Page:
With more and more UK businesses now dealing with online customers in other EU member states it is clear that this brings in an extra step to the process when it comes to issues like working out VAT rates. This needn’t be a huge problem but it is something which online business owners need to be aware of and think about before getting involved in making sales in international markets.
In fact, the first issue some companies come across is that they make the mistake of pricing their goods the same in every market across the continent, only to realise that it doesn’t make good business sense for them to do this. For example, in the UK baby products attract a 0% rate for VAT but this isn’t the same all across the European Union. This means that charging the UK price in a country where VAT has to be paid on it can eat into the profits or even make them disappear completely.
Different Options to Choose From
There are a couple of different options facing a business in this situation. One is to simply withdraw from the market on the basis that they can’t be competitive thanks to the local VAT rate. Another is to charge different prices in every country that trade in, which can lead to a hugely complicated pricing structure in some cases. There is no single best solution to this issue and it is just a question of each business finding the best way forward for their products and prices, often with the help of VAT consultants.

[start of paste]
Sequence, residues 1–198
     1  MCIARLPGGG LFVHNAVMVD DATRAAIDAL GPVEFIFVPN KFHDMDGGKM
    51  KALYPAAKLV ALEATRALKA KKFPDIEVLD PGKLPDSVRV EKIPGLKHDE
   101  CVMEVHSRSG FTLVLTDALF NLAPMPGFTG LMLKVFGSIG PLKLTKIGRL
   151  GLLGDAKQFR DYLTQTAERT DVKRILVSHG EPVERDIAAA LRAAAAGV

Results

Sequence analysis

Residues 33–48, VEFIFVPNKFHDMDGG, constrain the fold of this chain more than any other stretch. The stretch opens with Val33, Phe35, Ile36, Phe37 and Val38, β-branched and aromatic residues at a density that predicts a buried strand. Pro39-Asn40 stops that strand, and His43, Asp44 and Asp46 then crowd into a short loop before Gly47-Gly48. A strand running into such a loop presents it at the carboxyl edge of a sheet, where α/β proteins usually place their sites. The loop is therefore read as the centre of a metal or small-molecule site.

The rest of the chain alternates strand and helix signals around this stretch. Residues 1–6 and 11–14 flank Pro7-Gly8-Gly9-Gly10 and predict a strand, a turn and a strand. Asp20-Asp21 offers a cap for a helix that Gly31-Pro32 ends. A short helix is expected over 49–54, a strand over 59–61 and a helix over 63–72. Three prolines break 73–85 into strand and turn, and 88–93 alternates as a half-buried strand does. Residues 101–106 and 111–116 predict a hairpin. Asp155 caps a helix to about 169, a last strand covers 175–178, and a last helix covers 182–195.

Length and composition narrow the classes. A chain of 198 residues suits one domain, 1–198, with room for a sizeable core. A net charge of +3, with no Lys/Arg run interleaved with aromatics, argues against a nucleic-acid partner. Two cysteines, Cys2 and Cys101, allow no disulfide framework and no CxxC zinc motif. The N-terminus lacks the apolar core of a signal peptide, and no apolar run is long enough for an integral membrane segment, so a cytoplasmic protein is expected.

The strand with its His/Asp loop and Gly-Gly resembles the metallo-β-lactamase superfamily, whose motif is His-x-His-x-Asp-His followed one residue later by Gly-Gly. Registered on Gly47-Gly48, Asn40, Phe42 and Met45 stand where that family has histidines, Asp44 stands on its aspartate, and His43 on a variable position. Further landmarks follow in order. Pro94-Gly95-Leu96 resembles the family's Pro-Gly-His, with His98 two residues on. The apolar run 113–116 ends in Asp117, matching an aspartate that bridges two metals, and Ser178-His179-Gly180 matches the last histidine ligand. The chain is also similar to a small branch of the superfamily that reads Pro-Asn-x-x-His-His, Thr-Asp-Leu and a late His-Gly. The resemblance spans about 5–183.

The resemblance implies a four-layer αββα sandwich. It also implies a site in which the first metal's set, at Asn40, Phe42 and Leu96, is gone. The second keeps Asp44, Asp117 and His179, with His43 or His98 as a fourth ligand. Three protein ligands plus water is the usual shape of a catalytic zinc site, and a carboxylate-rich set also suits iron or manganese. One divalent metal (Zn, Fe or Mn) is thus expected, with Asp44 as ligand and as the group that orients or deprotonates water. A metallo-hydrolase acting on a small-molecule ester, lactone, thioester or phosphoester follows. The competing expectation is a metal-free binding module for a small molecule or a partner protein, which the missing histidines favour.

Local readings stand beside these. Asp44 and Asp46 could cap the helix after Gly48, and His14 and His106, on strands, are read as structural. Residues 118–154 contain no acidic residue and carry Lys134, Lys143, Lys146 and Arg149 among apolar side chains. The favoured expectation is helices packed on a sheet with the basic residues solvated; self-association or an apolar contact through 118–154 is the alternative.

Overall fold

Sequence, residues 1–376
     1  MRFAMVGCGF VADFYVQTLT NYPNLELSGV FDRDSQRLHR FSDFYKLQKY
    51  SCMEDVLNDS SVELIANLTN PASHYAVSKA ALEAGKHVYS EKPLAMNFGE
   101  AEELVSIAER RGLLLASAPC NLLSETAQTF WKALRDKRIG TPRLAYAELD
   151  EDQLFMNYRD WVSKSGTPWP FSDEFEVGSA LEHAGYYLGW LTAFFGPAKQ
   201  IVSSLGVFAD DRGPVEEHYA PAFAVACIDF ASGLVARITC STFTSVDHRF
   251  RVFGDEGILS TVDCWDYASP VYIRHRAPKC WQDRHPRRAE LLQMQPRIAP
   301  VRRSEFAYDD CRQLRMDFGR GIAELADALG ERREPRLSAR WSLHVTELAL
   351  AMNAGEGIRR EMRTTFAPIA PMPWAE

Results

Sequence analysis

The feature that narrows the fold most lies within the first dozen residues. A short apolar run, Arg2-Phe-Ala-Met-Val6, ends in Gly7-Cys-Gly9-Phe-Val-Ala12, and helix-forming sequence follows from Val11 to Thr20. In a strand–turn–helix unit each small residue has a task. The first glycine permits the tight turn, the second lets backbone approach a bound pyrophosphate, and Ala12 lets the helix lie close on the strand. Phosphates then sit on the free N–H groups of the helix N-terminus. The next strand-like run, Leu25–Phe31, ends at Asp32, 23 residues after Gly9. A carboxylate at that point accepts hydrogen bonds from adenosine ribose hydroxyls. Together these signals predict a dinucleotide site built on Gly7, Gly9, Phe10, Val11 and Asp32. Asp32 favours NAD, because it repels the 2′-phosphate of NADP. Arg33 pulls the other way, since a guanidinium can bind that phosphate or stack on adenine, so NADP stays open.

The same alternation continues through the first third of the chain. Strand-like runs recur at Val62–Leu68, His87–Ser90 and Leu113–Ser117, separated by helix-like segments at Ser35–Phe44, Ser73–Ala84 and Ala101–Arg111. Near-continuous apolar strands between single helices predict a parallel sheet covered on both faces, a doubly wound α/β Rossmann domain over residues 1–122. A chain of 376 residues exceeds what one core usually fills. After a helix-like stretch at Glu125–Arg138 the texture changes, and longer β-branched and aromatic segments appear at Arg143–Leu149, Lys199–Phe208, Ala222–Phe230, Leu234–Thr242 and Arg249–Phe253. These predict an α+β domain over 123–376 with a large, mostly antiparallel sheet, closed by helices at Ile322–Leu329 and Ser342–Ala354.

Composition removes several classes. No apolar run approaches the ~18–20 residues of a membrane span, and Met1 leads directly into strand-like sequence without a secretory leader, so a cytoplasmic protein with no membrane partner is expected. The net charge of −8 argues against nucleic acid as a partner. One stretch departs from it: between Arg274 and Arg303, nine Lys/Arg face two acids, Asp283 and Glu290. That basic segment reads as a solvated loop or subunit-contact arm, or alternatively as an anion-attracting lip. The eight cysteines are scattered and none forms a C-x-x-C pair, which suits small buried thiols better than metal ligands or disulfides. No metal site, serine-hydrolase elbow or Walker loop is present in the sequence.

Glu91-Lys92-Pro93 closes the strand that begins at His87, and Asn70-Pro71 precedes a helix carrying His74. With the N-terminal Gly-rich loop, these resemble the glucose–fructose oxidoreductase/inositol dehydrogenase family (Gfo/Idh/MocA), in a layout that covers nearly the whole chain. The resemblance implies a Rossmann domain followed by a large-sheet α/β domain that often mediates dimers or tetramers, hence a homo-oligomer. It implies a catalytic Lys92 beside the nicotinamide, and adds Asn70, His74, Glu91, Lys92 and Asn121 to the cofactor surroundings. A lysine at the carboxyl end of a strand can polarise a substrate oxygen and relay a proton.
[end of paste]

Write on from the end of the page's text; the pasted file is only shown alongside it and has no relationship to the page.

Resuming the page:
Another issue to be considered when it comes to dealing with international markets is that clients from different countries are used to different VAT methods being applied to the final price they pay. While in the UK the price quoted is almost always inclusive of VAT, in some other places the VAT is added onto the total which is originally given. It can be confusing and off putting for someone to come across a different method of showing the VAT element of the price than the one they are used to.
There is no doubt that the ecommerce system has opened up huge new markets for keen and resourceful entrepreneurs. The issue of different EU VAT rates isn’t a reason to give up on this idea, especially if you turn to experts like those at Accordance for guidance and help. In fact, in some cases the different rates can work out to the firm’s advantage overall. For example, if you set your pricing to reflect UK VAT levels then you can enjoy bigger profits in countries where the rate is lower. Some businesses charge the same price everywhere in the belief that the lower profits in some places will be offset by higher profits in others. The most important point of all is to think about this issue and come to an informed decision before going ahead and dealing with foreign markets.